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Since Lenin Died

Max Eastman

Since Lenin Died

Chapter XII:
Real Economic Differences

MY Marxian reader is impatient by this time of so much personal and political history, unrelated to the prevailing economic currents of Russian life. I have purposely postponed mentioning the economic differences between Trotsky and the bureaucracy – certain minor ones because they were not sufficiently important, and the major ones because they are more important than anything else. The question of “commodity intervention” – the purchase by the Government of foreign goods in order to supply the peasants at reduced prices with articles of manufacture – is an example of the minor economic questions raised at the same time with the problem of Workers’ Democracy. Trotsky and most of the “opposition” advocated this measure, and it was denounced along with everything else they advocated as a “petty bourgeois deviation.” In his speech to the Party Congress Trotsky replied to this denunciation: “Comrades, let us wait a little with these questions, let us wait a little ... so far as there is a disagreement, it is of a purely empirical, practical character.” And now, eight months later, Rykov has announced that this policy, having been adopted in some small measure last year, will be extended this year, and that “if industry does not develop fast enough, we shall have to contemplate for a certain time the introduction of some foreign merchandise ... The question is being studied.” [1] In short, Trotsky’s “deviation” here consisted of a quicker grasp of the practical realities of the problem. It is absurd to try to convict either side of a “deviation” upon the ground of these practical disagreements, which are, of course, continual and inevitable.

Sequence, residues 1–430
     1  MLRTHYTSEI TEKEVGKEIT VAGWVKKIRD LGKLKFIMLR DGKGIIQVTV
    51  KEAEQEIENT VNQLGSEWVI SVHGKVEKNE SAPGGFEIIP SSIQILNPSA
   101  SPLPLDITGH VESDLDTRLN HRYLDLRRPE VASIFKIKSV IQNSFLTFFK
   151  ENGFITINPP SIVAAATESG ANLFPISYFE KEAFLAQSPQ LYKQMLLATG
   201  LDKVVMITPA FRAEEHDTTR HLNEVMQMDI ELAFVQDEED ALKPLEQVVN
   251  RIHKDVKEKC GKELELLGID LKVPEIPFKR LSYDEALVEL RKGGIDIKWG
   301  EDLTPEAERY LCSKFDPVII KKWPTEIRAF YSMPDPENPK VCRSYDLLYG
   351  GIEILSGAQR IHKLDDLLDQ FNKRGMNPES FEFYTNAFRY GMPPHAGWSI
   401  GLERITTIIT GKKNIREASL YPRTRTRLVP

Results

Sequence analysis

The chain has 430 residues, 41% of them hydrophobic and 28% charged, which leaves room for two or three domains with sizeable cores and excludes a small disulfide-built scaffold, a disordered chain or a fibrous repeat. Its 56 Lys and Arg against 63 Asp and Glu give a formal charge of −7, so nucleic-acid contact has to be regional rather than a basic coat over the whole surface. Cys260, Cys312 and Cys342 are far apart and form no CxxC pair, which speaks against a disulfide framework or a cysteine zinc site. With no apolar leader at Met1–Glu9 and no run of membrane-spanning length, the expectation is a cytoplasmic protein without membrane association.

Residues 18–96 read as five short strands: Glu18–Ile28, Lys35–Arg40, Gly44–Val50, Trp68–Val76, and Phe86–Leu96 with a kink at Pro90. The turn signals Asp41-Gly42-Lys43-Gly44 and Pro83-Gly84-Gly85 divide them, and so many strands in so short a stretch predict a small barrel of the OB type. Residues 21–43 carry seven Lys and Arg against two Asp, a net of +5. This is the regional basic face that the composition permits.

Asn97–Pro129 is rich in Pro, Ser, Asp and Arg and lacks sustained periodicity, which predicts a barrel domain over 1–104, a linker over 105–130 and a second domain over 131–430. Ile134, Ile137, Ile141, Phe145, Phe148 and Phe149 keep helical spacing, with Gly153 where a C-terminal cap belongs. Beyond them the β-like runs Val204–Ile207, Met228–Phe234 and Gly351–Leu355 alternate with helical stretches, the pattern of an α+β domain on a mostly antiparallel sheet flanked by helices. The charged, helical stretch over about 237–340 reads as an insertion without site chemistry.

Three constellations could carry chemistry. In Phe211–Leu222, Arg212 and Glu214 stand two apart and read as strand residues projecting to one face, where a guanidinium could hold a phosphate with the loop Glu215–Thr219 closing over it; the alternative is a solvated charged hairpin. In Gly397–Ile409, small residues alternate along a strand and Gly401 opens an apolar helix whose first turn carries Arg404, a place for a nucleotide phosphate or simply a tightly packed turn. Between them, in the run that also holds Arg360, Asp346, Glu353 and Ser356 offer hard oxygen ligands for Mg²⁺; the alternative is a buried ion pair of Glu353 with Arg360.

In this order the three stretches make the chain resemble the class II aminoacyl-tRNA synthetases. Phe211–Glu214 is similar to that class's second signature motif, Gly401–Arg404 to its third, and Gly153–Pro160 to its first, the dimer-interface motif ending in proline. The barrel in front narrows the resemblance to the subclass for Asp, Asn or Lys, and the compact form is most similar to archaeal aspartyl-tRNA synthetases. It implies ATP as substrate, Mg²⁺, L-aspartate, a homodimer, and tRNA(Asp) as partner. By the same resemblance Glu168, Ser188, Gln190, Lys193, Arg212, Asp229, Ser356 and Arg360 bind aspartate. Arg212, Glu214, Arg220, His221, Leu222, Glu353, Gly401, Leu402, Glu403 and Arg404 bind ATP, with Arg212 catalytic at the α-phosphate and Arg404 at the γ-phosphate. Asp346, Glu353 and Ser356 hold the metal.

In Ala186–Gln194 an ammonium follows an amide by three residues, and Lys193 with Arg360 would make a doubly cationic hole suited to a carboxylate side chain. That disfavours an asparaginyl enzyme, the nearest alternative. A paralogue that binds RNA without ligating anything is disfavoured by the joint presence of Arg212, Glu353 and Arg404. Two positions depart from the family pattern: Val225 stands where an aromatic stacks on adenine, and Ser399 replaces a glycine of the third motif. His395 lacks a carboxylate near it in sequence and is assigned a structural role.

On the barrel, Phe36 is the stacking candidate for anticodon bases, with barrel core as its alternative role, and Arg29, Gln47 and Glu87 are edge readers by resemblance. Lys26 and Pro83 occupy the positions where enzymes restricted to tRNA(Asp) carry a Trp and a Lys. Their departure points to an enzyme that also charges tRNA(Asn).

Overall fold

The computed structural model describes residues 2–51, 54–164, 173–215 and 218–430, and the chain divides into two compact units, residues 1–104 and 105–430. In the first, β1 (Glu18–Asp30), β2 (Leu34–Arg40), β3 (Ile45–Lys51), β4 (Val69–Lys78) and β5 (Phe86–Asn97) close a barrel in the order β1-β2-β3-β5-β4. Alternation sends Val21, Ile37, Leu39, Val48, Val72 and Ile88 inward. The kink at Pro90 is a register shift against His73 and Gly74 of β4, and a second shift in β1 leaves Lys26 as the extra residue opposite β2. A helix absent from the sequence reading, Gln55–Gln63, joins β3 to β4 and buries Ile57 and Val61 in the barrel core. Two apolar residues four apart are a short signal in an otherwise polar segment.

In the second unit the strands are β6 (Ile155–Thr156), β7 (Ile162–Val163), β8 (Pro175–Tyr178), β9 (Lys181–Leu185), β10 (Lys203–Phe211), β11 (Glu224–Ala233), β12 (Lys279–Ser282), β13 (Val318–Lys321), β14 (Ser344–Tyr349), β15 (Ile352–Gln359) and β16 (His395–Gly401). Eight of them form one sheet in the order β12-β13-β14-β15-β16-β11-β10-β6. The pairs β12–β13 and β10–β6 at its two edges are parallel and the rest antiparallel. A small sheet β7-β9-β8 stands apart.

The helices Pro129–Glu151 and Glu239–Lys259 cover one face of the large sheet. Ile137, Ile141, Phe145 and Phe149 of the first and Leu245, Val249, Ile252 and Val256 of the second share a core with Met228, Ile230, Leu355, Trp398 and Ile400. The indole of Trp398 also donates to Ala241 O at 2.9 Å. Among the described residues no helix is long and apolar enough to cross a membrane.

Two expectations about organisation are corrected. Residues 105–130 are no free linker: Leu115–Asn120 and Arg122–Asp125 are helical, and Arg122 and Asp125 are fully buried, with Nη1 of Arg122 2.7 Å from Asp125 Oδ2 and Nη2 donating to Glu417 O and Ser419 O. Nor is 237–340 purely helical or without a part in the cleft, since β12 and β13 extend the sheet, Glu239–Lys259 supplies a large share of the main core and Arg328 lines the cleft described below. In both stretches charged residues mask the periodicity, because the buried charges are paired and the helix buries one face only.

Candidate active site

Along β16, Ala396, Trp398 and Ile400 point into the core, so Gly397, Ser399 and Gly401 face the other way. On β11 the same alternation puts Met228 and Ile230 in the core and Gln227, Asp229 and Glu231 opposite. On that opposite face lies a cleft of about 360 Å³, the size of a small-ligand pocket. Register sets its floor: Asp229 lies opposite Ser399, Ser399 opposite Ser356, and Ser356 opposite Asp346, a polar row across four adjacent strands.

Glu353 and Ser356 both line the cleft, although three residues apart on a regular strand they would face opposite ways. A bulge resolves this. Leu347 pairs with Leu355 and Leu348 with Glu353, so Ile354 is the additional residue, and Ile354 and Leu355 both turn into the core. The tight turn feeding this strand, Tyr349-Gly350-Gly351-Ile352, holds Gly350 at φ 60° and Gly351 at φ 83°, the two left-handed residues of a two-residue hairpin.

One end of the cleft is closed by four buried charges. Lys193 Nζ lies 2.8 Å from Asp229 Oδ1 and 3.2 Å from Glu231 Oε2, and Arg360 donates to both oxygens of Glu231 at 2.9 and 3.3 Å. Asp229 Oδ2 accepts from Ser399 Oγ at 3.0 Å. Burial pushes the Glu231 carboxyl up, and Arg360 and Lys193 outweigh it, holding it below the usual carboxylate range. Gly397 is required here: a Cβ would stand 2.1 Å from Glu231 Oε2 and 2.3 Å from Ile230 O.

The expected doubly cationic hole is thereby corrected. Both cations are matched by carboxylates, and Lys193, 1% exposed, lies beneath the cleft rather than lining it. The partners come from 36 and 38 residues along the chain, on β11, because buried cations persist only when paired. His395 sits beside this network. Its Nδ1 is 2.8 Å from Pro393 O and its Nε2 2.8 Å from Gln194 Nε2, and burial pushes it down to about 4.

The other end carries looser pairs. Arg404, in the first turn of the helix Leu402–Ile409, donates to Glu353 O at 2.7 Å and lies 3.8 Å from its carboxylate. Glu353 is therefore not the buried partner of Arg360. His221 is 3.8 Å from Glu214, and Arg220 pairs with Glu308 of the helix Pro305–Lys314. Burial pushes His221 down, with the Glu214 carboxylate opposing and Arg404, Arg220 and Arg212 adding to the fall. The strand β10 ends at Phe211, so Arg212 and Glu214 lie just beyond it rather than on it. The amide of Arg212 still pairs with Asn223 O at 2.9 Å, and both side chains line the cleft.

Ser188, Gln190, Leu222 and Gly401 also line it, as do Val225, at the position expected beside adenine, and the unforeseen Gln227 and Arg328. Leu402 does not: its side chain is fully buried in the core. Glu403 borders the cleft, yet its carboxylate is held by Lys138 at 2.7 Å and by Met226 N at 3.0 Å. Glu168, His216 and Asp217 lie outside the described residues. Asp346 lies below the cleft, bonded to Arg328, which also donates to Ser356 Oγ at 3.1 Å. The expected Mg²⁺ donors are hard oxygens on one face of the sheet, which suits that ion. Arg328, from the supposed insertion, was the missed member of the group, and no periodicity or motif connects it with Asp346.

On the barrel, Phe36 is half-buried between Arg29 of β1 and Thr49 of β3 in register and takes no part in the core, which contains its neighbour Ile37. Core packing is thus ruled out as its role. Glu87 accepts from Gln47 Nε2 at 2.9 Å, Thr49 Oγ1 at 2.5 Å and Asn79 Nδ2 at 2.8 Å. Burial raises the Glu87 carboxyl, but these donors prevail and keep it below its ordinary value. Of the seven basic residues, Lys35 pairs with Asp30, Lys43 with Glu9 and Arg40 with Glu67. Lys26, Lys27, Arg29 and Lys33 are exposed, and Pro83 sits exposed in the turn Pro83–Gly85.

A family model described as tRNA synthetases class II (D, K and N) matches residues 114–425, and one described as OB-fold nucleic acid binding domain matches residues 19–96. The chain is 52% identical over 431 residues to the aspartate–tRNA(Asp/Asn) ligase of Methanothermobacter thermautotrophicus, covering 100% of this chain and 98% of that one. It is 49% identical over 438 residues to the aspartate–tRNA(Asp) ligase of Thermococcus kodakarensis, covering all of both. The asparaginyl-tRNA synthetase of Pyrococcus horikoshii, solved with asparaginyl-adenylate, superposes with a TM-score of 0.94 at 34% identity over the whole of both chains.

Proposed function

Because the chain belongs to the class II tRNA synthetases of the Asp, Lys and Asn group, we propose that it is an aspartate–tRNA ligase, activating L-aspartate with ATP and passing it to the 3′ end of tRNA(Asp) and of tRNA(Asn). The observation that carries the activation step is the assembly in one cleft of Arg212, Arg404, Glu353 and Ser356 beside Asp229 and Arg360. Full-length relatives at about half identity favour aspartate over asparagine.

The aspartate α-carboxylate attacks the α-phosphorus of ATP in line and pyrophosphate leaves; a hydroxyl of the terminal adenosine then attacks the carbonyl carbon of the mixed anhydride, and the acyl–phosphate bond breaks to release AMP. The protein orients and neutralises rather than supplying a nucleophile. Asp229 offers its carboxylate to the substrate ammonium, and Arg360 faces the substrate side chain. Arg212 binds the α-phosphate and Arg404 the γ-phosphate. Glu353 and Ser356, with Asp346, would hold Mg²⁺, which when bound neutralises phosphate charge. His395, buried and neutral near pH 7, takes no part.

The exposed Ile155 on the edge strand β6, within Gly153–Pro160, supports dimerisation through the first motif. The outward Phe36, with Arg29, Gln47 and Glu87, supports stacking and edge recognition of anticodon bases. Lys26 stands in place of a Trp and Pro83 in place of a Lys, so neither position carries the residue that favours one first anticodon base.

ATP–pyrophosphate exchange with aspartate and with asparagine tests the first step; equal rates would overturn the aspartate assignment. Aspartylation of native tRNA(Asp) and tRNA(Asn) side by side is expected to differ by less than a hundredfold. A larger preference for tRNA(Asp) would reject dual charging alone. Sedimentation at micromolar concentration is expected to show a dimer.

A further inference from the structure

There have been, however, three major differences about economic problems between Trotsky and the triumvirate – three differences fundamental enough to justify raising the question of a deviation from revolutionary Marxism. The first was about the need for a concentrated organisation and systematic planning of Socialist industry. I have already told you that Lenin came round, after some objection, to the substance of the change demanded by Trotsky in this matter. A resolution was adopted by the Twelfth Congress of the party (April, 1923) in accord with their views. But not only was Trotsky himself prevented from playing any part in the fulfilment of this resolution – no substantial motion was taken toward the fulfilment of it. An aggressive Communistic intention having been expressed, the policy of “muddling along” continued to prevail. And Trotsky’s letter to the Central Committee of October, 1923, besides demanding a New Course towards Workers’ Democracy, demanded the real carrying out of this resolution of the Twelfth Congress.

He wrote:

“I pointed out to the Central Committee before the Congress the great danger that our industrial problem would be presented to the convention in the abstract agitatorial form, whereas the task is to demand a turning of the attention and will of the party toward concrete life problems, with the goal of cheapening the price of the State products.”

In actual reality, he continued, the department of State Planning, since the Twelfth Congress, has gone still further backward.

“To a greater degree even than before the Congress, the most important industrial problems are decided in the Politburo, in a hurry, without preliminary preparation, and out of their planned connections.”

The truth of these statements of Trotsky was confessed by all the other members of the Politburo in the resolution on Workers’ Democracy, which demanded that the Department of State Planning be given “that position in reality which was assigned to it in the resolution of the Twelfth Congress.”